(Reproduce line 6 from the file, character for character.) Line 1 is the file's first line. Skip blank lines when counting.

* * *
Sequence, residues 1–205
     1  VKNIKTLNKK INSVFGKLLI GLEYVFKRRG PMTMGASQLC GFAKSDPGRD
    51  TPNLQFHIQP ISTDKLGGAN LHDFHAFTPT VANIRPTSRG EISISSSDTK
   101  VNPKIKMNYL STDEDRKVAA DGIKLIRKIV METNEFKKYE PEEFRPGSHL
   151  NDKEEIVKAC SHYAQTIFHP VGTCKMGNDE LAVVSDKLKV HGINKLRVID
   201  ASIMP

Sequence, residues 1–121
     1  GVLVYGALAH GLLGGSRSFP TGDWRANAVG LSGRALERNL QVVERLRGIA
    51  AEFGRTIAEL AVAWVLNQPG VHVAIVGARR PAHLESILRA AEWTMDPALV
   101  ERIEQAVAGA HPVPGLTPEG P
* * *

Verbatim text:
   201  ASIMP